The FDA, an agency within the U.S. Department of Health and Human Services, protects the public health by assuring the safety, effectiveness, and security of human and veterinary drugs, vaccines and other biological products for human use, and medical devices. The agency also is responsible for the safety and security of our nation's food supply, cosmetics, dietary supplements, products that give off electronic radiation, and for regulating tobacco products.

Most Popular Now

Meditation, yoga and vegetarian diet linked to dec…

In a novel controlled clinical trial, participants in a six-day Ayurvedic-based well-being program that featured a vegetarian diet, meditation, yoga and massages experien...

Read more

Abbott to sell Abbott Medical Optics to Johnson …

Abbott (NYSE: ABT) announced today that it will sell Abbott Medical Optics, its vision care business, to Johnson & Johnson for $4.325 billion in cash. Abbott's vision bus...

Read more

Novartis convenes experts to discuss new technolog…

Novartis today opened the 13th International Biotechnology Leadership Camp (BioCamp). Over the course of three days more than 60 selected students from international univ...

Read more

Caffeine and its analogues revert memory deficits …

A study published in the journal Scientific Reports from Nature publishing group, describes the mechanism by which caffeine counteracts age-related cognitive deficits in ...

Read more

Amgen obtains global development and commercial ri…

Amgen (NASDAQ:AMGN) and Boehringer Ingelheim today announced that Amgen has acquired global development and commercial rights from Boehringer Ingelheim for BI 836908 (AMG...

Read more

Vitamin C may boost effectiveness of acute myeloid…

A simple adjustment to patients' therapeutic regimen may improve the effectiveness of the standard epigenetic treatment for myeloid dysplastic syndrome (MDS) and acute my...

Read more

Roche ranked most sustainable healthcare company i…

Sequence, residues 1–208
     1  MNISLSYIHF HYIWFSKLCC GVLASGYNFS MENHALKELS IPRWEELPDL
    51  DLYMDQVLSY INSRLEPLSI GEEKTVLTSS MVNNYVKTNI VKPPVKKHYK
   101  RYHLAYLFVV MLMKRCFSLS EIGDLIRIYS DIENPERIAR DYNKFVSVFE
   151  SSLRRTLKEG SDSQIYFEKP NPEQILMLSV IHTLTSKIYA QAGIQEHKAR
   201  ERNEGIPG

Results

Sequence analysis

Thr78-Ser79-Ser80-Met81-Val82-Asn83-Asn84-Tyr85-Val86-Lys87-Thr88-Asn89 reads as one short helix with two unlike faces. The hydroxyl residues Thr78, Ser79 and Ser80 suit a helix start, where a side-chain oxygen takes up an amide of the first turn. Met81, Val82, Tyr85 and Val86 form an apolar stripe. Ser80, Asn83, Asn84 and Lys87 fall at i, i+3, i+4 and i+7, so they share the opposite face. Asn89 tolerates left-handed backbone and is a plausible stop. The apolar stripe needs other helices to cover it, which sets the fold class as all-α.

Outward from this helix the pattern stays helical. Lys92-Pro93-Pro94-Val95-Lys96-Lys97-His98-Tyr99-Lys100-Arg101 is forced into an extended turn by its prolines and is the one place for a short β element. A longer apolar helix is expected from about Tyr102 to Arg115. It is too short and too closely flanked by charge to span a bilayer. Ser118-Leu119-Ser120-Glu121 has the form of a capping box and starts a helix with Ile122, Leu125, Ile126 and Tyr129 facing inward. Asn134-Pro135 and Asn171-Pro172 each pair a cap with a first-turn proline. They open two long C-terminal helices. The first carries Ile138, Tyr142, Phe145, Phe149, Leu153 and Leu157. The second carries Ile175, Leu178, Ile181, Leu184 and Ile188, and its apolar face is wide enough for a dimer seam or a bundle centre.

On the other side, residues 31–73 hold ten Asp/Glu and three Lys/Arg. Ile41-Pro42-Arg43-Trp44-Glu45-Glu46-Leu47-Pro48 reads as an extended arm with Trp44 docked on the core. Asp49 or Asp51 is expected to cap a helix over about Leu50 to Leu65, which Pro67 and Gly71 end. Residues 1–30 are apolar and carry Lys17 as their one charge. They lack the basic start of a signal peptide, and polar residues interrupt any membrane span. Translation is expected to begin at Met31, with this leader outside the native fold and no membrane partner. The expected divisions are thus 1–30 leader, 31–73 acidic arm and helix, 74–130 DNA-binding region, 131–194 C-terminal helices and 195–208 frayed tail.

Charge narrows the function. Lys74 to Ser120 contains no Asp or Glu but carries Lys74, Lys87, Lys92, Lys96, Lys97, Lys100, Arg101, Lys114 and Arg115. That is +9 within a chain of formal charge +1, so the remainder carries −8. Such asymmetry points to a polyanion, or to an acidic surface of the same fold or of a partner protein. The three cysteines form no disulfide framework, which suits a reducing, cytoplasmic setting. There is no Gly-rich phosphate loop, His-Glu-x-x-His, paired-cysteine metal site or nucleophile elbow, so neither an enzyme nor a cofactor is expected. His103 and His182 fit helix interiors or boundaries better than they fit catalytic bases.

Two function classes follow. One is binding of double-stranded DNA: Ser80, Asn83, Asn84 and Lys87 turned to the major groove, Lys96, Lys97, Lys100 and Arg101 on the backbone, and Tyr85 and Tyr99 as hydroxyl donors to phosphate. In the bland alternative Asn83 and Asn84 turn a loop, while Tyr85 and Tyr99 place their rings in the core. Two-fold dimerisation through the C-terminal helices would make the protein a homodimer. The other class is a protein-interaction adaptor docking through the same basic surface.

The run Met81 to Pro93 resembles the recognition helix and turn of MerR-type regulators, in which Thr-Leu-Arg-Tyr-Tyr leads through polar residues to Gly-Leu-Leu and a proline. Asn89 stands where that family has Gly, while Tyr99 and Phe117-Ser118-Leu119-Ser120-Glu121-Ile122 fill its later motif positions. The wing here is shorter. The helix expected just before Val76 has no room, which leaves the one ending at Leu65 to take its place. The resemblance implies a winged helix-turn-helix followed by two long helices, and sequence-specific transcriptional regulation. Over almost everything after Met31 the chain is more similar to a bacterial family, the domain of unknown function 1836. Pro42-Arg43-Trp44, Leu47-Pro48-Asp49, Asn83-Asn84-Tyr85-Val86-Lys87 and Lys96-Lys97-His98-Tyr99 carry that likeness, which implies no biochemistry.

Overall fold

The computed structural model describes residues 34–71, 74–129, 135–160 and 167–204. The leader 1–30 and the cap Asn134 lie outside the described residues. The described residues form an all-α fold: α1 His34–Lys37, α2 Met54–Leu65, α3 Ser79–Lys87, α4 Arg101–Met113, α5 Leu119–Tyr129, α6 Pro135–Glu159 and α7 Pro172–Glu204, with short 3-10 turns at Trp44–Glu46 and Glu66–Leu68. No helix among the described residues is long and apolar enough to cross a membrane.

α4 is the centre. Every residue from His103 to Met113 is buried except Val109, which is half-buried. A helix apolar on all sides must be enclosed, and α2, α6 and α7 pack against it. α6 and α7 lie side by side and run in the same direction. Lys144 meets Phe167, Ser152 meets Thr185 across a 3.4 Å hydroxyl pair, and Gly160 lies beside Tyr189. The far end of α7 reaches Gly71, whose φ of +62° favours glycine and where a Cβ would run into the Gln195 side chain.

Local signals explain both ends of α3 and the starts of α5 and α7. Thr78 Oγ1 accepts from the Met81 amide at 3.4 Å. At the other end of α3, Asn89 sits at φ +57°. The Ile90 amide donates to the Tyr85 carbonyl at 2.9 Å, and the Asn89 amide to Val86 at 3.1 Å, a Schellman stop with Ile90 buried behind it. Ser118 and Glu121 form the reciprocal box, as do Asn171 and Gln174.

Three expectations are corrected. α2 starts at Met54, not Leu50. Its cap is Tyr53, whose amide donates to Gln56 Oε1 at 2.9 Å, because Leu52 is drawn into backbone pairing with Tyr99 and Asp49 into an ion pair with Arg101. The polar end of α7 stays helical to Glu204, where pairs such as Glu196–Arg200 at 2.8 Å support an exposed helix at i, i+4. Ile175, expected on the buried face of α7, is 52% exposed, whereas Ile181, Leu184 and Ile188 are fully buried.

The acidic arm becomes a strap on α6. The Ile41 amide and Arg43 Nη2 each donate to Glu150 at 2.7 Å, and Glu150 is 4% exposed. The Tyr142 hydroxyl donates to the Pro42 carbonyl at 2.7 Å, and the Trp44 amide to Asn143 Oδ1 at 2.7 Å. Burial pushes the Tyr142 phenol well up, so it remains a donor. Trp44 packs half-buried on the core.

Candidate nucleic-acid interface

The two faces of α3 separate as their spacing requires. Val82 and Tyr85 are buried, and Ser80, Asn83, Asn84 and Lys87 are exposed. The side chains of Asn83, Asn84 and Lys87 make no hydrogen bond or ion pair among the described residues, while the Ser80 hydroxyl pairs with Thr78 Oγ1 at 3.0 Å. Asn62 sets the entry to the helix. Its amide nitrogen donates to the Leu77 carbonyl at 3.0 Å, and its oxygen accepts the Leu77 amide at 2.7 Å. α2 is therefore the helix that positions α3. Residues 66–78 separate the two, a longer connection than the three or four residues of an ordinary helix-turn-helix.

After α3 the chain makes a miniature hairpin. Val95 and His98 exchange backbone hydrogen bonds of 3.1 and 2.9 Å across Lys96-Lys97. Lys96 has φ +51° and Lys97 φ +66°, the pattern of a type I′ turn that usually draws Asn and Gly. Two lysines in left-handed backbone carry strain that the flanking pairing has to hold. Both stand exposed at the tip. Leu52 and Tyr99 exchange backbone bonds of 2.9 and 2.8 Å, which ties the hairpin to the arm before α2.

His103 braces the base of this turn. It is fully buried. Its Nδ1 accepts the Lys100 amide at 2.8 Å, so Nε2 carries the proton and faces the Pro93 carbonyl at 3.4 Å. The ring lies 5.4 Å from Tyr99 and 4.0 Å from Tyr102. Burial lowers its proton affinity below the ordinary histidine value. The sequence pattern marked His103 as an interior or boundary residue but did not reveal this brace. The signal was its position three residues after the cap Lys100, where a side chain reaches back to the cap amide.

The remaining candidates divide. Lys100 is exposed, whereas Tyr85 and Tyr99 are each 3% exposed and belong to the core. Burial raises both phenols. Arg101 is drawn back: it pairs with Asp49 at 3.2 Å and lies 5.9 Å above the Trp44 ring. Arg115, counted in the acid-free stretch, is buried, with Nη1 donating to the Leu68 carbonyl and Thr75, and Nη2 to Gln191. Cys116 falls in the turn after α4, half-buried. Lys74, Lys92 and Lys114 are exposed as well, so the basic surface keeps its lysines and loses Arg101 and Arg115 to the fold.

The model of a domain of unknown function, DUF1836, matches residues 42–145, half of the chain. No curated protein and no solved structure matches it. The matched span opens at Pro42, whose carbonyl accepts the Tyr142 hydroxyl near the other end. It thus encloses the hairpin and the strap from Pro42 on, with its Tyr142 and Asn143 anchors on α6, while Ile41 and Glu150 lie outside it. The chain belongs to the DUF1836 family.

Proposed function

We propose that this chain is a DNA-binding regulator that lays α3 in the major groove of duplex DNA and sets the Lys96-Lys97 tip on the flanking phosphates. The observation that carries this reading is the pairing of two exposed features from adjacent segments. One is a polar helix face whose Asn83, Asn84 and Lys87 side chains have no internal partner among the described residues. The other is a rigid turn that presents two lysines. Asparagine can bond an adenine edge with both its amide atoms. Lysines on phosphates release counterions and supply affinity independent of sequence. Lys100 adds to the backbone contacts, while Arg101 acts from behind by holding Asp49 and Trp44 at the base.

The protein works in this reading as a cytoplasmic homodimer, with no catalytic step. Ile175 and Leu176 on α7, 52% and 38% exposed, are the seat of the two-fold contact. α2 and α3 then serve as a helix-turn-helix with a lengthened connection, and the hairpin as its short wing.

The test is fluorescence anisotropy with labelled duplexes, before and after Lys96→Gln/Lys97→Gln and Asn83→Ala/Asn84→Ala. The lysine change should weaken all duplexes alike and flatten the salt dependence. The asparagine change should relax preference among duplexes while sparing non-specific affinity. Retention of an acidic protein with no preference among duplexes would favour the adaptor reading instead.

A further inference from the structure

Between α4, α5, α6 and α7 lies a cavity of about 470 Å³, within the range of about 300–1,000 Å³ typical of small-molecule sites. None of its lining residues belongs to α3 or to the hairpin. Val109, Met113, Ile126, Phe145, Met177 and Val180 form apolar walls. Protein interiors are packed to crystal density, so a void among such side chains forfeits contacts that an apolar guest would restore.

For the eighth consecutive year, Roche (SIX: RO, ROG; OTCQX: RHHBY) has been recognised as Group Leader in sustainability within the Pharmaceuticals, Biotechnology & Life...

Read more

10th European Medical Information and Communicatio…

29 - 30 November 2016, Berlin, Germany The 10th year of the Annual European Medical Information and Communications Conference is a unique meeting organised by medical in...

Read more

Saniona and Boehringer Ingelheim sign collaboratio…

Boehringer Ingelheim, one of the world's 20 leading pharmaceutical companies, and Saniona, a leading biotech company in the field of ion channel drug discovery, have ente...

Read more

Study shows how Chinese medicine kills cancer cell…

Researchers at the University of Adelaide have shown how a complex mix of plant compounds derived from ancient clinical practice in China - a Traditional Chinese Medicine...

Read more

Benralizumab phase III trials show positive result…

Results from pivotal Phase III trials presented at the European Respiratory Society (ERS) International Congress demonstrated that adding benralizumab to standard-of-care...

Read more

Antibody reduces harmful brain amyloid plaques in …

Although the causes of Alzheimer's disease are still unknown, it is clear that the disease commences with progressive amyloid deposition in the brains of affected persons...

Read more

Pharmaceutical Companies

[ A | B | C | D | E | F | G | H | I | J | K | L | M | N | O | P | Q | R | S | T | U | V | W | X | Z ]